Now is the Time to Save Women from Needless Death

Last week, more than 200 providers, policymakers, advocates and NGO workers put abortion on the table, and reaffirmed the promises African leaders and governments have made to African women.

This is the sixth in a series of articles from Keeping Our Promise: Addressing Unsafe Abortion in Africa this week. The conference has brought together more than 250 health providers, advocates, policy makers and youth participants for a discussion of how to reduce the impact of unsafe abortion in Africa.

Of the nearly 67,000 deaths each year from unsafe abortion in the world, more than half are in Africa, and millions of African women suffer serious injuries from complications from unsafe abortion. Young women in particular are disproportionately affected. Between 30 and 60 women under 25 die each day in Africa from unsafe abortion.

In addition to its devastating impact on the health of women, girls, families and communities, managing complications of unsafe abortion imposes enormous costs to African health systems, including health workers’ time, drugs, medical supplies, and hospital stays.

Restrictive abortion laws and limited access to safe abortion services are the major factors contributing to the high mortality of African women from unsafe abortion. Most African countries operate under archaic abortion laws and policies that in no way reflect the realities of African women and their families. As Sharon Camp of the Guttmacher Institute mentions in her post today, these laws and policies must be changed.  Most African women and health-care providers remain unaware of their legal rights and obligations related even to the limited circumstances — such as in cases of rape, incest or to save a woman’s life — for which most African countries permit abortion.

“Most of the African conventions would have solved these problems, but they have not been implemented. It’s time to lift the veil on this experience shared by so many African families,” said Maiga sina Damba, minister for women’s, children’s and family affairs, Mali.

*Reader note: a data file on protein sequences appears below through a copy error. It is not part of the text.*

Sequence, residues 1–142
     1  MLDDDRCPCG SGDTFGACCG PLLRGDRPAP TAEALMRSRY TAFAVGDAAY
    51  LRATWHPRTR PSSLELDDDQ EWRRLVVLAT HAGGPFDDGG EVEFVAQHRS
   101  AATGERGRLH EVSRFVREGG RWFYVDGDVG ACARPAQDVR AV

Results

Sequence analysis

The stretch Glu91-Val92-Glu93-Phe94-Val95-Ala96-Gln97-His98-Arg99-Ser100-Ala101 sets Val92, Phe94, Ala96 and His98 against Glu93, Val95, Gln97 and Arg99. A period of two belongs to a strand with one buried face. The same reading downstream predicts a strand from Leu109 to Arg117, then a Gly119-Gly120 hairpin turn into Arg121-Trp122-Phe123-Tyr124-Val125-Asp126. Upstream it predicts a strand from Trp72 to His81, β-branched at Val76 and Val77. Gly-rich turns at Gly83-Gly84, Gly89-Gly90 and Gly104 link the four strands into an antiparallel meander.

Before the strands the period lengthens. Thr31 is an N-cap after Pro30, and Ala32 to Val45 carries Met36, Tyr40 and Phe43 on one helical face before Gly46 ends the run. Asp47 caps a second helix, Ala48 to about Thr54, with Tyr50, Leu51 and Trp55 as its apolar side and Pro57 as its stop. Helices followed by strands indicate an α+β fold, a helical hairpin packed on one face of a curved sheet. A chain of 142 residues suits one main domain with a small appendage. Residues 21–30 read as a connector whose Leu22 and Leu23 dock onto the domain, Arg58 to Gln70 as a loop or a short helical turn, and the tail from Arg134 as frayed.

The Keeping Our Promise conference last week in Accra reinforced the challenges African women face and brought them out for discussion. More than 200 committed providers, policymakers, advocates and NGO workers put abortion on the table, so to speak. In the final conference declaration — drafted by sponsoring organizations with youth input and read by Fannie Kachale, deputy director of the Reproductive Health Unit, Ministry of Health, Malawi — reaffirms the promises African leaders and governments have made to African women.

Specifically, conference attendees, representing roughly 20 African countries, call on African governments to:

  • Give priority to reproductive health, particularly unsafe abortion, to achieve Millennium Development Goal 5, to reduce maternal mortality;
  • Honor commitments stipulated by the Maputo Protocol and Plan of Action;
  • Review laws that criminalize abortion;
  • Increase funding and build a sustainable supply of technologies for contraception and safe abortion care, including medical abortion.

Attendees and speakers themselves committed to lead the charge to increase access to safe abortion care and end needless deaths and injuries from unsafe abortion.

“I wish to add my voice to the call to end unsafe abortion. This is a matter of human rights,” said Honorable Juliana Azumah-Mensah, minister for women and children’s affairs, Ghana.

In agreement, Litha Musyimi Ogana, director of women, gender and development for the Africa Union, said:

“The issue of unsafe abortion demands our attention. We have the words of commitment. What we need now is action.”

The rallying cry was summed up by Ipas Vice President for Africa, Dr. Eunice Brookman Amissah, and leaders from around the continent: “You’ve heard the declaration. Our job is cut out for us.”

The time to act is now. Women and girls — mothers and sisters, daughters and friends — are dying every day in Africa. We have the knowledge, the will and the technologies to prevent these senseless deaths.